Today I took my last final, aka the program is over(!?), and had a celebratory/ sad goodbye paris dinner (even though I secretly have 5 days left). We ate dinner at the strangest place. It was a fondue place in montmartre that serves one fixe-prix menu and that’s it. You get a place of “appetizers” aka tiny slices of “chorizo” and cubes of cheese, a choice of meat or cheese fondu, and a baby bottle full of wine. Yes, you heard correctly, a baby bottle. The place was so tiny that we had to climb OVER the table to get to the other side. No, that is not a figure of speech. We climbed OVER the table, with the two waitors standing by to help. Um, it was cute. I uh, never ever want to go there again. To round out this goodbye paris night we went to the top (well, as high as we could go late at night) of the eiffel tower. It was so pretty. Only the monuments and big churches really light up so it was like little glowing spots all across the city. Yay and then we came home. Tomorrow we are eating brunch at “Breakfast in America,” an “american” diner in france, before some of my friends leave for the airport. oooh la la. hahaha I can’t wait to see how the french do american breakfast. Then I am off to see everything in paris that I haven’t seen yet before I leave… maybe i should make a schedule… ?



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Finding Nouveau


So you can laugh at me all you want for saying this, but it is true whether you like it or not. I am actually the best explorer that ever lived. Like, actually. In Barcelona, we didn’t need maps. Why? Because my intuitive, psychic-almost, sense of direction led us directly to where we were supposed to be. errrr time. This intuition naturally leads me to the coolest places and best establishments, as you have clearly seen in all of my pictures and posts and such.

One such place is the Red Wheelbarrow Bookstore. It is an english language bookstore nestled on a tiny backstreet behind St.Paul’s church (my fav. church in Paris. that’s a big statement btw. there are a lot of churches, and i think i’ve been in them all.). And it is full of books… in english. When I say full, I mean the shelves, ten rows thick, are full all the way to the ceiling, and there are also piles of books on tables and the floor if need be. Half of the store is literature, the other half history/sociology/anthropology/linguistics/self help. and then the extra 10% (because there’s always >100 % duh.) is children’s books. The lady who runs the store is a little (read: very) eccentric, which is clearly right up my ally, and she is, of course, an american. There is also an english speaking store-hand constantly in the store with her, rearranging the multitudinous piles of books in some haphazard sort of system. They converse in english, and I get to ask questions in english, and talk to them about books. When french people come in they are all confused because there is so much english. And then the eccentric owner speaks to them in a french that has a wonderful, non-obnoxious, american accent, and i don’t feel so bad about my french. Then i buy a book, which i promptly devour on the steps of the church or along the nearby canal or in a little café with a cappuccino. I luf it.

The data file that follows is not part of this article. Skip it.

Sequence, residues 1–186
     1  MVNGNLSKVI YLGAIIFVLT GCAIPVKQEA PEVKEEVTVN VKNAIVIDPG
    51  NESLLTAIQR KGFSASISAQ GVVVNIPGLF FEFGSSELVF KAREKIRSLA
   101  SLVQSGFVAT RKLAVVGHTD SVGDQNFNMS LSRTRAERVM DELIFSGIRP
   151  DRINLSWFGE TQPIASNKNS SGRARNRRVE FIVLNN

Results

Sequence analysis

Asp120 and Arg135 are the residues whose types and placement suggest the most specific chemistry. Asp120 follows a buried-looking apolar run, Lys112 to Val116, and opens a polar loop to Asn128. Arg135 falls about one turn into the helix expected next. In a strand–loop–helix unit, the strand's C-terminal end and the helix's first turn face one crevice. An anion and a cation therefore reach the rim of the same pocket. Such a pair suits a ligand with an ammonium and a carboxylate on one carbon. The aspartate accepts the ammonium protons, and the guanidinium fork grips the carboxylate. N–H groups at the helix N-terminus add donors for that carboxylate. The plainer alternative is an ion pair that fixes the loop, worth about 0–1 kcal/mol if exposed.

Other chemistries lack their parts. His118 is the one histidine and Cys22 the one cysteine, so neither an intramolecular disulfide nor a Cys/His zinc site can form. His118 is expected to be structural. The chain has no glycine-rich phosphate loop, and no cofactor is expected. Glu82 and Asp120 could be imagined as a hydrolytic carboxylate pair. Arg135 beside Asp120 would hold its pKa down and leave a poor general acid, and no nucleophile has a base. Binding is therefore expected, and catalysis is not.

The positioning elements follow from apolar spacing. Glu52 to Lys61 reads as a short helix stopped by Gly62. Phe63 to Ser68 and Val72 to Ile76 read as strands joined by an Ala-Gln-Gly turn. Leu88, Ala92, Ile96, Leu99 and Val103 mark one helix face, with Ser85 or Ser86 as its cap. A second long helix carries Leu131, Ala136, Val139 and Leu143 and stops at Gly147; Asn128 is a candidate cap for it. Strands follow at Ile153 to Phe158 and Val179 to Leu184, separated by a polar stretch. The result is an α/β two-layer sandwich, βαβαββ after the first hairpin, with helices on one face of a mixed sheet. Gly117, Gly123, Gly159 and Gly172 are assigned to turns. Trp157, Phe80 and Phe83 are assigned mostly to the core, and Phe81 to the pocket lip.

Being at the end of my stay here (5 days left!), I’ve been getting quite reflective about the study-abroad experience. I honestly believe that, just like everyone tells you, it really is life changing. At the end of two months, I finally feel like I understand this crazy country and language. Having the confidence to communicate in your own language is one thing, but finding that confidence in another is an entirely different and very special, hard to find thing. I feel lucky to have been given the opportunity to try. I feel like this is just the beginning of more adventures and explorations to come.

Not all those who wander are lost

the best explorer errr,


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Best in Feu.

Back in the days of Nappy-o (my pet name for Napoleon… don’t worry about it.), the French army technique was to have more troops than everybody else and win by sheer force. This worked for dear naps; he won, a lot. And then he didn’t. And then France stopped winning for a very very very long time. I have now discovered why. The energy they could have been investing in foreign endeavours was instead spent on Bastille day celebrations.

This morning, before the entire city became a lake, I witnessed a 30minute fly by air show, with red white and blue trails that formed the french flag. Additionally, the ENTIRE Champs-Elysees was lined with different army men that gradually began to process, oh, and I saw Nicolas Sarkozy, nbd. But that’s nothing compared to the fireworks I just witnessed. Set off against the backdrop of the eiffel tower, the French resurrected their former glory by releasing more fireworks than any one else for a full half hour. I’m actually surprised the sky didn’t explode, it was so covered in lights. Anyway, France wins. That’s it.

It also took us an hour to find a metro home because all those in the near vicinity of the fireworks were closed (yeah, okay france, that makes sense…?) and when we finally found an open one, it was legitimately FULL of people (and pushy safety men that wouldn’t let us sit down?). So yes, that is Bastille Day. More people, fireworks, planes, troops, everything than anywhere else. This was so not the Hockessin fourth of july parade.

Home in 7!